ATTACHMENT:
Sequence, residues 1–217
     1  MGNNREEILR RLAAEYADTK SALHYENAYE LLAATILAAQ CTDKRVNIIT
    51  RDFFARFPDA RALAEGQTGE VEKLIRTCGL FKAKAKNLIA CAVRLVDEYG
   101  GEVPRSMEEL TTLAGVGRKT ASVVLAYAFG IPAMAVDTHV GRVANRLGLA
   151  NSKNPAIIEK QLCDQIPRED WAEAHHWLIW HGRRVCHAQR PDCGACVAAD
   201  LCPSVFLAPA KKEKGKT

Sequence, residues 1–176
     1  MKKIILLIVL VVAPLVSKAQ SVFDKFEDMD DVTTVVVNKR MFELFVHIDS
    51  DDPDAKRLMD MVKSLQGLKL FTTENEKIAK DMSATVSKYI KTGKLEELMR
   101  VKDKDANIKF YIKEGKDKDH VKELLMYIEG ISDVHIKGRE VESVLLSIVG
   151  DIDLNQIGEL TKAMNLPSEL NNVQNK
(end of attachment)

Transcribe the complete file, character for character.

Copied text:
Sequence, residues 1–217
     1  MGNNREEILR RLAAEYADTK SALHYENAYE LLAATILAAQ CTDKRVNIIT
    51  RDFFARFPDA RALAEGQTGE VEKLIRTCGL FKAKAKNLIA CAVRLVDEYG
   101  GEVPRSMEEL TTLAGVGRKT ASVVLAYAFG IPAMAVDTHV GRVANRLGLA
   151  NSKNPAIIEK QLCDQIPRED WAEAHHWLIW HGRRVCHAQR PDCGACVAAD
   201  LCPSVFLAPA KKEKGKT

Sequence, residues 1–176
     1  MKKIILLIVL VVAPLVSKAQ SVFDKFEDMD DVTTVVVNKR MFELFVHIDS
    51  DDPDAKRLMD MVKSLQGLKL FTTENEKIAK DMSATVSKYI KTGKLEELMR
   101  VKDKDANIKF YIKEGKDKDH VKELLMYIEG ISDVHIKGRE VESVLLSIVG
   151  DIDLNQIGEL TKAMNLPSEL NNVQNK